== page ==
"While a lot of brewers are switching things up with new, trendy hop varieties in their NEIPAs, Threes Brewing was able to produce a phenomenal hazy IPA using tried-and-true hops like Citra, Simcoe, and Mosaic," writes Jesse Bussard.
“This is as close to the ideal NE IPA as you can get outside of Vermont,” writes Jerard Fagenberg of Lamplighter’s double-hopped double IPA. “Lamplighter’s flagship sails on an ocean of juice,” he adds of Rabbit Rabbit’s irresistible citrusy notes of tangerine and grapefruit.
This one’s for the haze skeptics. “What separates Golden Nugget from other hazy IPAs is how that haze holds the light and accentuates the color of the beer. It’s cloudy, but not turbid, and could never be mistaken for a glass of orange juice,” says Tucker Anders. “It packs the citrus and tropical fruit flavors as well as aromas typically reserved for the most sought after hazy IPAs, all without neglecting the bitterness and balancing all that sweetness.”
Food-friendly and sessionable, North Coast’s Steller IPA drinks more like a bold pilsner than some of the zanier IPAs now on the market. As our reviewer Tom Thornton notes, “There are no gimmicks here, but rather a subtle and balanced IPA that leans just a touch toward sweet.”
It may only clock in at 4.5% ABV, but Firestone Walker’s Easy Jack has the depth of flavor and character of a much stronger beer. “Grapefruit, lemon, and orange mix with sappy pine and honey-like malt to create a complex balance between sweet, bitter, bright, and deep,” writes Tucker Anders. “Easy Jack has way more flavor and complexity than any 4.5% ABV beer should be able to achieve, striking the perfect compromise between flavor punch and drinkability.”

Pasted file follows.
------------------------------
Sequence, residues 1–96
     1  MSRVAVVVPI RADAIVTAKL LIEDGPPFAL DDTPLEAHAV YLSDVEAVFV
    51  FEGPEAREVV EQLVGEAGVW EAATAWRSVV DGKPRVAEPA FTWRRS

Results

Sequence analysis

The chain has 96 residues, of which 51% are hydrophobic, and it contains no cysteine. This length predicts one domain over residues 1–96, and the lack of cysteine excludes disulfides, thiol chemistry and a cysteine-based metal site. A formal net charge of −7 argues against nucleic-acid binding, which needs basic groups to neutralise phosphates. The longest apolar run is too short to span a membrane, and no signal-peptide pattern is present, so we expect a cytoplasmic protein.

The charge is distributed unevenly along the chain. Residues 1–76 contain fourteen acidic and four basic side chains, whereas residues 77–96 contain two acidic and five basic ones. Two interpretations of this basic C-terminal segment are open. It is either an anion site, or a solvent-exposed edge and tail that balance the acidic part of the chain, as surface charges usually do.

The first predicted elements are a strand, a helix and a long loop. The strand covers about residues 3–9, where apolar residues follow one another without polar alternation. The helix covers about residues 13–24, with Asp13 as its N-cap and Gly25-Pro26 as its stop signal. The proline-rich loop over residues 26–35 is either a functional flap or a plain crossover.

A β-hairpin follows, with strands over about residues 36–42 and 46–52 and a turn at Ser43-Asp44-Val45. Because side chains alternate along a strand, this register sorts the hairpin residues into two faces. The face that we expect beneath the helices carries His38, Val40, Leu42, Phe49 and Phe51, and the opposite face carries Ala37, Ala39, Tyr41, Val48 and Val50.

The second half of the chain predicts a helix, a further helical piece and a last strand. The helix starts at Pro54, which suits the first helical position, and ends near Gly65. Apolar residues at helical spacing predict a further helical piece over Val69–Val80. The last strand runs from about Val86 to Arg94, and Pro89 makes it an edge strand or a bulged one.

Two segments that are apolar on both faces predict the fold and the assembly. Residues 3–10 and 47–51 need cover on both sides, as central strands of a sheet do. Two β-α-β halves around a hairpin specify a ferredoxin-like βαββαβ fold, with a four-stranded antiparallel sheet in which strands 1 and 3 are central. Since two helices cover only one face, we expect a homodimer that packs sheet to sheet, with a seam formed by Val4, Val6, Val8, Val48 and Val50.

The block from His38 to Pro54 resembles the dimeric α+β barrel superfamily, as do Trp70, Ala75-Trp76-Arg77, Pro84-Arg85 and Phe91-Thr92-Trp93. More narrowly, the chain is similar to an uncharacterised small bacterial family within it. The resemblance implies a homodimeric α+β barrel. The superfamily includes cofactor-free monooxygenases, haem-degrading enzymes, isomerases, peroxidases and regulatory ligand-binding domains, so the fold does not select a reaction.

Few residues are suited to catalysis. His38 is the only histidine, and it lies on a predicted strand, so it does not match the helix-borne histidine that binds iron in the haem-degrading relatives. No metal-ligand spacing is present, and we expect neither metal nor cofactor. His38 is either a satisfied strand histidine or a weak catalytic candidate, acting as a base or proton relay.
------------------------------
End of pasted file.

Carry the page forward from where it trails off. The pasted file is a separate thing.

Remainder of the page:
Somewhat skeptical of the Brut IPA trend, Tucker Anders was prepared to be unimpressed by this offering from New Belgium. As it turns out, he was wrong: “New Belgium clearly understood what makes the style so appealing. It’s dry, but not too totally void of sweetness. It’s hoppy, but with the right balance of flavor and bitterness. Add in the bubbly effervescence and grocery store-sixer price tag, it turns out the only bad things about New Belgium’s Brut IPA were my preconceived notions.”
Fair State Brewing Cooperative’s collaboration with San Diego’s Modern Times resulted in not only one of the coolest can designs we’ve seen recently, but also a beautifully balanced and near-perfect IPA. Jerard Fagenberg notes, “The New England-style IPA trend may calcify and fade, and drinkers may move on to new innovations, but Spirit Foul will remain as an emblem of the greatness the style can achieve.”
Stone’s collab with Aviation might surprise some, especially when it results in a botanical-forward DIPA that’s only on tap at Yard House. But those gin flavors of juniper and citrus play beautifully with some malty sweetness. “The combination of flavors is lively and refreshing—and rather easy to drink quickly,” writes Tom Thornton. “For an 8.5% double IPA, this drinks less like a oddball collaboration, and more like a crowd-pleasing brew that fans of many styles will enjoy.
Sierra Nevada made headlines when it announced that is would brew a beer in partnership with hundreds of other breweries that would benefit the victims of the Camp Fire wildfire in California. Our reviewer Nathan Matisse—who claims to not be a hop-head—tried two versions of the beer made by Austin breweries, and he was won over: “Resilience IPA had the perfect amount of hops for my palate. It’s slightly bitter, but each sip proves quite clean with a quick impact on the tongue and very little lingering aftertaste.”
With bold tropical aromas and a lot of haze, Bell’s Official is a “porch-pounding crowdpleaser,” writes Tom Thornton. “Bell's Official attempts to be many things to many audiences here, and the brewery has very nearly pulled it off,” he adds. “Ballparks, outdoor bars, and convenience stores should probably load up on Official—it's easy to like, and many drinkers will make it a fridge staple.”